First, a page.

EDMONTON - Officers embraced each other and wiped away tears Thursday as Edmonton's police chief relayed details of how two constables were shot and killed at an apartment complex while responding to a domestic violence call.

“Today, the Edmonton Police Service has been marked by an unthinkable and horrific tragedy as two of our members have died in the line of duty,” Chief Dale McFee told a packed and solemn news conference at police headquarters.

He spoke in an atrium packed with more than 100 officers and police staff. Members held and patted each other.

A young man considered a suspect died from a self-inflicted gunshot wound, McFee said.

A police source later said the suspect was 16 and that he also shot and wounded his mother.

McFee identified the officers who died as Const. Travis Jordan, 35, an 8 1/2-year veteran with the Edmonton force, and Const. Brett Ryan, 30, who had been with the service for 5 1/2 years.

McFee said the officers were called shortly before 1 a.m. to a family dispute at an apartment building in northwest Edmonton, part of a large red-brick complex of three-storey walk-ups.

They went inside the building, approached the suite and were shot, he said.

“All indications are they did not have a chance to discharge their firearms.”

The officers were rushed to hospital by colleagues who worked to keep them alive, said McFee. They were declared dead at hospital.

He said a woman related to the suspect was taken with life-threatening injuries to hospital, where she remained in serious but stable condition.

McFee said supports are being offered to the officers' families and colleagues.

Edmonton Mayor Amarjeet Sohi said officers' families send their loved ones to work every day and hope they'll return home safely.

“This did not happen today for Ryan's and Jordan's families,” he said.

“When you see an officer working to keep you safe, please thank them for their service.”

About a dozen police cars and a forensics truck were parked near the apartment complex. The scene was taped off and a road leading into the area was also blocked.

Linda Fjelsted, who lives in the adjacent apartment block, said she was awakened by the early-morning commotion and saw police running in every direction.

“We saw somebody being hauled out (and) somebody in an ambulance. I heard the yelling and the talking and the police telling people to get back (in) their apartments. The police were very, very upset,” she said.

“I felt like I was watching something on TV.”

Fjelsted said the complex is a mostly quiet place where the lawns are kept trim and the flower beds tended and is filled with families from different cultures.

“I like it here.”

Some people shared their memories of the officers.In his spare time, Ryan was a minor hockey official.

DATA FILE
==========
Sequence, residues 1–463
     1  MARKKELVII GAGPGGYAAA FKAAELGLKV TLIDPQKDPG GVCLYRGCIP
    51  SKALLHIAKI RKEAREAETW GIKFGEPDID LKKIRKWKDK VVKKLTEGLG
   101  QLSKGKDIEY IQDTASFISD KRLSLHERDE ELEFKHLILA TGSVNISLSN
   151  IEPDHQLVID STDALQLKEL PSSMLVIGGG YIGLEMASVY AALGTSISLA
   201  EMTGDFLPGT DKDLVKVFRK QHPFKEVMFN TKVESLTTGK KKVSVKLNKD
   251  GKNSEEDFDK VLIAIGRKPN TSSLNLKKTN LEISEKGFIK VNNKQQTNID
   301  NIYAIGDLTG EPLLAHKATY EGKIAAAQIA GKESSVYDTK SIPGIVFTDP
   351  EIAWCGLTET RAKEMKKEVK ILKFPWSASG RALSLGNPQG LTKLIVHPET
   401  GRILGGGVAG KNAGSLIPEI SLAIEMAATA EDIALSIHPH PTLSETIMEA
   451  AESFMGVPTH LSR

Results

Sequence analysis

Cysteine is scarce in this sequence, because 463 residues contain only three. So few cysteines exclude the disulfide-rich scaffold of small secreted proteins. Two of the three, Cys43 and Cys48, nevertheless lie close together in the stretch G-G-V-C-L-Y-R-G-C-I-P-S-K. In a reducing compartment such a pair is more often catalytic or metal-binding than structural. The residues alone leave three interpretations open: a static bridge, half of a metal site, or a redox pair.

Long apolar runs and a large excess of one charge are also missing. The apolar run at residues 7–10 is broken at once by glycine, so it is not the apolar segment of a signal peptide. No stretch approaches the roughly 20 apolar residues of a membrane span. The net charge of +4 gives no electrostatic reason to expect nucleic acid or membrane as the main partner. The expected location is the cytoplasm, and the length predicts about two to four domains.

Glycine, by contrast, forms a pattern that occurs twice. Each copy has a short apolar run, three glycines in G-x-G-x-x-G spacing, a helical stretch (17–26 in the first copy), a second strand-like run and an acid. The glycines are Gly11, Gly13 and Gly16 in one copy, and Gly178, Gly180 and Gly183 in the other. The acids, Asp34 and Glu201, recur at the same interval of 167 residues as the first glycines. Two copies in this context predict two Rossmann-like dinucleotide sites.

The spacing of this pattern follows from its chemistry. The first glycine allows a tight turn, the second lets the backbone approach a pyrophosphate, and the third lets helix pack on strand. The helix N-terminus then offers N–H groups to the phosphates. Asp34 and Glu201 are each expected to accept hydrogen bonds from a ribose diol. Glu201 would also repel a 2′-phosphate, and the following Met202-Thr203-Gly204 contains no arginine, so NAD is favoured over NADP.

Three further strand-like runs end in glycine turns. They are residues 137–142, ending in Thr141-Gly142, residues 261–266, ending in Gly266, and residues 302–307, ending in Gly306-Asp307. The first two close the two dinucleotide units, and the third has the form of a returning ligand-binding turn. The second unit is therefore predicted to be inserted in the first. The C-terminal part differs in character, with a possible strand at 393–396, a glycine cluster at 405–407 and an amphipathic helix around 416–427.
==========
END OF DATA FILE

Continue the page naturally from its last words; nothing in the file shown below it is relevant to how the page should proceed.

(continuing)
“Brett Ryan was a pillar within our community and will be missed by all who knew him,” said a social media post from the Spruce Grove Minor Hockey Association. “We take this time to honour his life and the contributions he has made to the Edmonton community and beyond.”

Ryan's friend Darcy Carter said Ryan was a paramedic before he became a police officer, adding he was passionate about his work and his duty to serve the community.

“That's something that I'll never forget … just his face lighting up when he talked about his job,” Carter said.

Carter said Ryan was also about to become a father for the first time, as his wife is expecting.

Jordan was remembered as kind.

In 2020, Jessica Shmigelsky was driving to work after a heavy spring snowfall. Her snowbrush had broken and Jordan pulled her over because she had too much snow on her vehicle.

Instead of giving her a ticket, he brushed off her car.

“He did his job and he did more than what his job really entailed,” said Shmigelsky

She still has the snowbrush Jordan gave her.

Police officers lined the street near the medical examiner's office as an escort carrying the bodies arrived, saluting their fallen comrades. Flowers were also placed outside the west division police station, where the slain officers worked and where flags flew at half-mast.

Flags were also at half-mast at the Alberta legislature. A moment of silence was observed before question period.

“The province mourns the loss of these two heroes,” said Public Safety Minister Mike Ellis on behalf of the United Conservative Party government.

“The sudden and tragic deaths of these officers remind us again of the dangers police officers constantly face when they serve the people of Alberta.”

New Democrat Opposition Leader Rachel Notley urged all members to work to create more safe, secure communities.

“We owe it the memory of Const. Jordan and Const. Ryan to come together to find solutions,” she said. “We owe it to all first responders, their families, and all Albertans to do everything we can to keep officers safe as they set out each day to do the same for us.”

Premier Danielle Smith was in her riding in southern Alberta.

Thursday's killings are the first among the Edmonton force since 2015.

Const. Daniel Woodall, a hate crimes investigator, was using a battering ram to enter a home when he was shot numerous times through a door. Another officer was struck by a round that penetrated his body armour and he survived.

In 1990, Const. Ezio Faraone was shot and killed responding to an armed robbery.

This report by The Canadian Press was first published March 16, 2023.

- With files from Ritika Dubey, Jeremy Simes and Bob Weber in Edmonton, Kelly Geraldine Malone in Saskatoon and Emily Blake in Yellowknife